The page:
Over the past several weeks, John McCain and his backers
have touted his early endorsement of the Iraq War �surge� as evidence of his
political courage, but it could be equally viewed as an act of political
desperation, to forestall total calamity in Iraq and to avert disaster for
broader neoconservative objectives in the Middle East.
McCain�s endorsement of the �surge� in January 2007 also
represented a repudiation of his previous support for Defense Secretary Donald
Rumsfeld�s concept of using a light force of mobile U.S. troops, backed by
technology and air power, to win the war.
McCain now presents himself as a persistent and tough critic
of Rumsfeld�s war plan, but that doesn�t square with his earlier statements
backing the defense secretary�s approach.
�I don�t think you�re going to have to see the scale of
numbers of troops that we saw, nor the length of the buildup, obviously, that
we had back in 1991,� McCain told Larry King in a pre-invasion interview on
Dec. 9, 2002, that compared Rumfeld�s plan for a relatively light invasion army
to the overwhelming force deployed in the first Persian Gulf War.
On March 5, 2003, just two weeks before the Iraq invasion,
McCain told the Hartford Courant that he had �no qualms about our strategic
plans,� noting that a similar approach had been �very successful in
Part of McCain�s overconfidence seemed to derive from his
belief that U.S. forces would encounter little resistance. As the invasion
began, McCain told NBC�s �Today� show that Iraqis �will greet us as
His enthusiasm for Rumsfeld�s war plan was still strong more
than a year later. �I believe [Rumsfeld] has done a good job in the early
stages of the war,� McCain told Fox News�s �The Big Story� on May 4, 2004.
McCain continued to defend the Bush administration�s Iraq
policies well into 2006, until public support for the war sank and Democratic
prospects for winning control of Congress soared.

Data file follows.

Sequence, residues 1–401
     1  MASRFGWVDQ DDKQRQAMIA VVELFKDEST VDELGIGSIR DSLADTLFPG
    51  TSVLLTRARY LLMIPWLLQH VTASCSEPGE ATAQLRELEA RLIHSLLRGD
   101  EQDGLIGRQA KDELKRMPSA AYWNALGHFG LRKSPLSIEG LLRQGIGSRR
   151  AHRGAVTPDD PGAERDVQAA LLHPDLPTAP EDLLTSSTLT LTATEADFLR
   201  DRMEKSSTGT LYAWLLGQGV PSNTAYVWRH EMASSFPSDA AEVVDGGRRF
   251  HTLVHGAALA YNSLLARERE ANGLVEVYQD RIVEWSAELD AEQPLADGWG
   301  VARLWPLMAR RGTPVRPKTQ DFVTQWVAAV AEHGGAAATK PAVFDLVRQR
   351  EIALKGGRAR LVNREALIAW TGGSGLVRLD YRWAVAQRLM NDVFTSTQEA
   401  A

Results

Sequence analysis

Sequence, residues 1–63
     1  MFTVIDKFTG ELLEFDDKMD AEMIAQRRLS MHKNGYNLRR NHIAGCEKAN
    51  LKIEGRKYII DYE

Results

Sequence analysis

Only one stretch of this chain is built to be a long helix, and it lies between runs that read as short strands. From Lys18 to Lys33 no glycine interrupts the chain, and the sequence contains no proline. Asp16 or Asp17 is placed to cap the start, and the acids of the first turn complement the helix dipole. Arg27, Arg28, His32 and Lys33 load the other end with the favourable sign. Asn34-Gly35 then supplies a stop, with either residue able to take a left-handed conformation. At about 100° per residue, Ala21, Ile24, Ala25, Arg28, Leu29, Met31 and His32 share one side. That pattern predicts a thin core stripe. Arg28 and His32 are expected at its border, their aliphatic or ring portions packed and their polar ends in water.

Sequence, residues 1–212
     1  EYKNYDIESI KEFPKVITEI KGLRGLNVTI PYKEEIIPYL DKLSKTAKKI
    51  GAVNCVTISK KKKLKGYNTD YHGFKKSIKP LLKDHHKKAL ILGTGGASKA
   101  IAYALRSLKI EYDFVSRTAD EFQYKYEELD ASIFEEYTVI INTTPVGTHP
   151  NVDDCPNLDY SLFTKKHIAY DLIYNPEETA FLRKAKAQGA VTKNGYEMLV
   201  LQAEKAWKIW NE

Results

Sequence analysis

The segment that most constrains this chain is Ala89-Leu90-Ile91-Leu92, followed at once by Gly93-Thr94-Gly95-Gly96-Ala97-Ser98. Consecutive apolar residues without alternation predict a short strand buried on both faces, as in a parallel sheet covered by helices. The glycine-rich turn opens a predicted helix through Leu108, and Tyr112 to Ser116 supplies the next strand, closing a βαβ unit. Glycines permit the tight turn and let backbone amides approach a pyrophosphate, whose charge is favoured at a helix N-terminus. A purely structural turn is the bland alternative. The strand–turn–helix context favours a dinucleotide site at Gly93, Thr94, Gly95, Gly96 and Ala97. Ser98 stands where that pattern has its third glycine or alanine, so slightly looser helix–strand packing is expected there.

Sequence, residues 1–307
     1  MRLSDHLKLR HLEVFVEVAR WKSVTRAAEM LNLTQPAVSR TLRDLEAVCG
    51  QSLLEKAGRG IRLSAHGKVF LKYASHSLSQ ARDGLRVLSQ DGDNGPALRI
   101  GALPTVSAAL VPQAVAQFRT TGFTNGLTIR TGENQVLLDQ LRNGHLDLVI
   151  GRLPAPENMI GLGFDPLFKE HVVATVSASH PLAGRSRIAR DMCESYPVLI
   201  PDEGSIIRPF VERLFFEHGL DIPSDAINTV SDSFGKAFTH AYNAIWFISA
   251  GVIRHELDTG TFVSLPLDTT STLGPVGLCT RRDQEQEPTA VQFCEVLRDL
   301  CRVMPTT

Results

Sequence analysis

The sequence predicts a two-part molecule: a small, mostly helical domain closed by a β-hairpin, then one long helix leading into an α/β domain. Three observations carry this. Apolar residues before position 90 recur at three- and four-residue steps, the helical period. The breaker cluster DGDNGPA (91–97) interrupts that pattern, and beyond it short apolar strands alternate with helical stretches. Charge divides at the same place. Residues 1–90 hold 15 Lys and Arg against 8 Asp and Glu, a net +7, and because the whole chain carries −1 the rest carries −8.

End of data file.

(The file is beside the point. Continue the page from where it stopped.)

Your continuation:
In the latter half of 2006, neoconservatives were faced with
major reversals in the Middle East, too. Sectarian violence was spiraling out
of control in Iraq, and the Israelis failed to rout Hezbollah fighters in
If the neocon vision of a powerful and permanent U.S.
military presence in the Muslim world were to survive, aggressive action -- and
more American troops -- were needed. That�s when neoconservative strategist
Frederick Kagan took the lead in shaping a plan to send thousands of additional
U.S. troops to Iraq.
In doing that, he built on a proposal that he drafted in
January 2005, along with his brother, Robert Kagan, and William Kristol, a
founder of the neocon Project for the New American Century and editor of Rupert
Murdoch�s Weekly Standard magazine.
That plan urged the U.S. government to deploy an additional
25,000 U.S. troops to Iraq, not so much to quell the violence inside Iraq, but
to intimidate Iraq�s neighbors in the Middle East.
At the time, the Bush administration stuck with Rumsfeld�s
strategy of keeping the U.S. military �footprint� in Iraq relatively small.
However, as U.S. casualties in Iraq continued to mount and sectarian violence
spread, President George W. Bush grew impatient with Rumsfeld�s strategy.
The policy dispute reached a crisis point in early November
2006 as it became clear the Democrats were headed toward major gains in
Congress and the bipartisan Iraq Study Group, led by Bush family lawyer James
Baker, was preparing recommendations for a troop drawdown.
On Nov. 6, 2006, a day before the elections, Rumsfeld sent
Bush a memo suggesting a �major adjustment� in Iraq War policy that would
include �an accelerated drawdown of U.S. bases� from 55 to five by July 2007
with remaining U.S. forces only committed to Iraqi areas that request them.
�Unless they [the local Iraqi governments] cooperate fully,
U.S. forces would leave their province,� Rumsfeld wrote.
Then, proposing an option similar to a plan enunciated by
Democratic Rep. John Murtha, Rumsfeld suggested that the commanders �withdraw
U.S. forces from vulnerable positions � cities, patrolling, etc. -- and move
U.S. forces to a Quick Reaction Force (QRF) status, operating from within Iraq
and Kuwait, to be available when Iraqi security forces need assistance.�
And in what could be read as an implicit criticism of Bush�s
lofty rhetoric about transforming Iraq and the Middle East, Rumsfeld said the
administration should �recast the U.S. military mission and the U.S. goals (how
we talk about them) -- go minimalist.� [NYT, Dec. 3, 2006]
Though many Americans viewed Rumsfeld as the personification
of Bush�s �tough-guy� strategy in the Middle East, the defense secretary�s downfall
may have been caused by his going wobbly on the war.
Two days later, on Nov. 8, after Democrats had won
majorities in both the House and Senate, Rumsfeld was out at the Pentagon and
former CIA Director Robert Gates was in.
Initially, official Washington interpreted the switch as a
sign the �realists� who advocated disengagement from Iraq had won out and the
neocons had lost. But the reality was the opposite: Gates would be the fresh
face who would buy time for an escalation of U.S. troops, not manage a
Bush signaled this point during a Nov. 30, 2006, trip to